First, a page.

The June 22, 2009 Train Wreck

On June 22, 2009, near the Fort Totten Metro Station, 9 people (the train operator and 8 passengers) were killed and scores more were injured unnecessarily in a horrific wreck on Metro’s Red Line. It could have been avoided and should never have happened.

Incidentally, because Metro carries Workers’ Comp (WC) insurance, the family of the train operator, Janice McMillan, cannot sue Metro. Everyone else can sue but Ms. McMillan’s family will only receive a pittance in relation to what the passengers and/or their dependents will receive. A passenger who had her arm broken in the wreck (for example) will almost certainly receive a much larger settlement than Ms. McMillan’s family. This is grossly unfair and needs to change. Employees (anywhere) should not be forced to give up their right to sue as a condition of employment.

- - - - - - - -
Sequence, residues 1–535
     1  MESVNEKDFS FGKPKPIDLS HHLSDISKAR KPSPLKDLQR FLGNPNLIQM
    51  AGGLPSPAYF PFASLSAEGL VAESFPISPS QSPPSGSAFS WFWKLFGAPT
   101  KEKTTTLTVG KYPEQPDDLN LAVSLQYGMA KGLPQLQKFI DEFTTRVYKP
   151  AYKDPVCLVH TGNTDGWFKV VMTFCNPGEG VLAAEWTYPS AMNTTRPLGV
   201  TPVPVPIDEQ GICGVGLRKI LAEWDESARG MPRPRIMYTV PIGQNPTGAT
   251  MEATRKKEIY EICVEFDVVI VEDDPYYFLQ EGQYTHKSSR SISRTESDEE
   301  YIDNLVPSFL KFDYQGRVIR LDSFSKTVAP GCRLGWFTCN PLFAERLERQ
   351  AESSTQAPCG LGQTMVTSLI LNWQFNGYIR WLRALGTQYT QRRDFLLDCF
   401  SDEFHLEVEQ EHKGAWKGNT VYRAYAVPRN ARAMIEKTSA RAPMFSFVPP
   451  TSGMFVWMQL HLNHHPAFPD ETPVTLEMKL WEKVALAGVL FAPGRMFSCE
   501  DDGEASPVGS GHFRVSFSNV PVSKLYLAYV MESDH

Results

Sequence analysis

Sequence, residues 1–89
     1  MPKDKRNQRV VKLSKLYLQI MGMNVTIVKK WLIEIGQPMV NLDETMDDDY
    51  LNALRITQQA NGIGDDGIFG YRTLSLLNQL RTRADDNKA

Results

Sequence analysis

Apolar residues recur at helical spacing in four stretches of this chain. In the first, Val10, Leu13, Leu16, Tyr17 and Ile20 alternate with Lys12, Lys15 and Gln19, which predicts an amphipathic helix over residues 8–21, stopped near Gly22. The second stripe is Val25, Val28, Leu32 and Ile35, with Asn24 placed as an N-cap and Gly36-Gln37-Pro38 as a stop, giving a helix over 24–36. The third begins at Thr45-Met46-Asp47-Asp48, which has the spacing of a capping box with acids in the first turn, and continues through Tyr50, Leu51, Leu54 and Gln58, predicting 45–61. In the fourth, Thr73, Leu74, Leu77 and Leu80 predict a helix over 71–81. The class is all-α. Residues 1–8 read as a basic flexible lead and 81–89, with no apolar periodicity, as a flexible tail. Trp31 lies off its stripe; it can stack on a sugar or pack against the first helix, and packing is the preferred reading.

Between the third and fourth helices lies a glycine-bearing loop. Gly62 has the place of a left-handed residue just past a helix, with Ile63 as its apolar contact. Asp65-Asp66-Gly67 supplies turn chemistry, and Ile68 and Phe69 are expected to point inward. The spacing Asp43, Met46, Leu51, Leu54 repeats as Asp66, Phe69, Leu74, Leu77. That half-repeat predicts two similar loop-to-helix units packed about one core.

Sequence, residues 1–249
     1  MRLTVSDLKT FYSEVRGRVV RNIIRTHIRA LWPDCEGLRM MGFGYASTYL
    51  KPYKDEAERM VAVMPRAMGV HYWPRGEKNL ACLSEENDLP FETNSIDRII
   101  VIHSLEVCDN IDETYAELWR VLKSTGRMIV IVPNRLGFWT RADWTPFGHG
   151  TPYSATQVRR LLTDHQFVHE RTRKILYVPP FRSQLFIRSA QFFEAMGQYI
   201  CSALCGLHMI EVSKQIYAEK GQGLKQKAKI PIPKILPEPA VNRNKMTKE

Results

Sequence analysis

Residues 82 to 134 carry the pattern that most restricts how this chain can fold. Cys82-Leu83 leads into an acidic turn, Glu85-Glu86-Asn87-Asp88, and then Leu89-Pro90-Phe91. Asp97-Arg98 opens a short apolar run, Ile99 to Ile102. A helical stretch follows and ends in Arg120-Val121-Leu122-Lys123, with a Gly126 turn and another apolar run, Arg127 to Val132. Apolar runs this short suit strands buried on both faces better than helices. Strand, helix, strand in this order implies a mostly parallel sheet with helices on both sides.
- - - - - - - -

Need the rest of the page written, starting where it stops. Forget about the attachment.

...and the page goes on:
Most of the details about the worst accident in Metro’s history have been reported in the Media. There’s no point in me repeating them here.

However, there is something that to the best of my knowledge was not mentioned in the MSM and that is the test or PMI we performed to check the track circuits. The “Track Circuit Data Sheets” that we had used since I began working for Metro in 1983 had two (2) columns for the verification procedure (where we pretend to be a train). We ATC technicians had been specifically instructed to only use one of the two columns. We only performed one of the two procedures because that’s how the PMI was written and it’s how we were taught to do it. Had we been performing the second half of the verification all of those people would almost certainly be alive and uninjured – celebrating the holidays with their family and friends as I write this.

That’s really all you need to know. For those who are interested in some brief explanatory details, they follow.

If you’ve got coffee, drink it now!

Seriously, if you’re at all interested in how subway trains can move automatically, this should be somewhat interesting. If not, well, read at your own risk.